The Beloved Community

Patricia Spears Jones

In her fifth poetry collection, The Beloved Community, Jackson Poetry Prize–winner Patricia Spears Jones interrogates the necessity and fragility of human bonds: sensual, familial, societal. From lyric to elegy, far-reaching poems use wordplay and metaphor to create richly textured landscapes in search of community. As we traverse delis, laundromats, and the Brooklyn block where morning glories grow “leaves plump as Italian cookies,” poems about poverty, art, and community become poems about location—always the city is alive and breathing. Later, the collection widens its view, leaving Brooklyn to visit the consequences of violence across America. From the Atlanta Child Murders to the murder of Nia Wilson, The Beloved Community is fearless in its rage and hope as it explores what disrupts—oppression, injustice, loss, grief, and a fraught sense of the erotic. Largely dedicated to musicians, artists, and fellow poets, Jones acknowledges art as a tool for both care and resistance, recognizing that “voice is our greatest magic.” Imbued with history, laced with tenderness, and channeling a long tradition of the blues in African American poetics, The Beloved Community speaks with spark and urgency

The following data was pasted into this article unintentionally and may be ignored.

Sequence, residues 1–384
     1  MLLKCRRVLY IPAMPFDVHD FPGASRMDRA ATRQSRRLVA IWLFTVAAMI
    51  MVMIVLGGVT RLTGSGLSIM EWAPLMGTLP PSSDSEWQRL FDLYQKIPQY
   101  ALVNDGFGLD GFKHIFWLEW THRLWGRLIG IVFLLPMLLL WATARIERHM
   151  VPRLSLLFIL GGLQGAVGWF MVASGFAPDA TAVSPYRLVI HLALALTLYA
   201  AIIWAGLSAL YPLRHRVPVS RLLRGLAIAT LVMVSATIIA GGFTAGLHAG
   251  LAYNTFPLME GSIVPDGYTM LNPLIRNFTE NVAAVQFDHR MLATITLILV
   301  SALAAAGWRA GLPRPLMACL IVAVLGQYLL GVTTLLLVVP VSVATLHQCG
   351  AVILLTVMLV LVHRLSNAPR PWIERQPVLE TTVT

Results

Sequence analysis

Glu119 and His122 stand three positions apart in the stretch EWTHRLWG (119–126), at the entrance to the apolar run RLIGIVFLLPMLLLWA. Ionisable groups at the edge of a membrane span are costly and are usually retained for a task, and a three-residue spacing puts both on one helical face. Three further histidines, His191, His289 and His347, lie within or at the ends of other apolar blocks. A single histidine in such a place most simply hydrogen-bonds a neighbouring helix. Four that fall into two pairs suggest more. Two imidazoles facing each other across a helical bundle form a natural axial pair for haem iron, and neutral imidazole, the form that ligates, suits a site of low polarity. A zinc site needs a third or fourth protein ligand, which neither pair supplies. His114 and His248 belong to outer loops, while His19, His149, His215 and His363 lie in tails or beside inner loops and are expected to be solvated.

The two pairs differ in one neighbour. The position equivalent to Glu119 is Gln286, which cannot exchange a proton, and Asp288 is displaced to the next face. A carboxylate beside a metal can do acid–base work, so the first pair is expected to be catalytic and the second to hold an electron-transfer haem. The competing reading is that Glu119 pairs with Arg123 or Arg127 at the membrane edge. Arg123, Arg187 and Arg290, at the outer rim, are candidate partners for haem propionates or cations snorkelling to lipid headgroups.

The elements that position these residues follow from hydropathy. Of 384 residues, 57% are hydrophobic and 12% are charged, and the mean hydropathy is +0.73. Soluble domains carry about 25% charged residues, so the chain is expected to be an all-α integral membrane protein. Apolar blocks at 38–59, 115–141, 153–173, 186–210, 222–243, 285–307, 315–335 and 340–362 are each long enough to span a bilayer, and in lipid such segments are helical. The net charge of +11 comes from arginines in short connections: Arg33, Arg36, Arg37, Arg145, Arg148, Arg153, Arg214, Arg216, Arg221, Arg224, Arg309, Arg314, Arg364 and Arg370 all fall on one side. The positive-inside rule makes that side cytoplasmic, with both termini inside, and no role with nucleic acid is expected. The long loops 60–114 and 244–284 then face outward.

ISBN: 9781556596667

Format: Paperback

About the Author

Patricia Spears Jones is a poet, playwright, anthologist, educator, and cultural activist. She is the winner of the 2017 Jackson Poetry Prize from Poets & Writers and the author of A Lucent Fire: New and Selected Poems. Her work is anthologized in African American Poetry: 250 Years of Struggle and Song; Of Poetry and Protest: From Emmett Till to Trayvon Martin; and BAX 2016: Best American Experimental Writing. Her poems have been published in The New Yorker, The Brooklyn Rail, …

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“These poems could easily sag under the weight of their grief, yet Jones’ short, sharp-talking lines, staccato sentences, and light-on-feet litanies propel the reader down the paths she has paved. ” —Arden Levine, Under a Warm Green Linden

“Spears Jones’s imagistic internationalist, docu-political sentences resemble conversation but stop you in your tracks.”—Diane Mehta, Electric Lit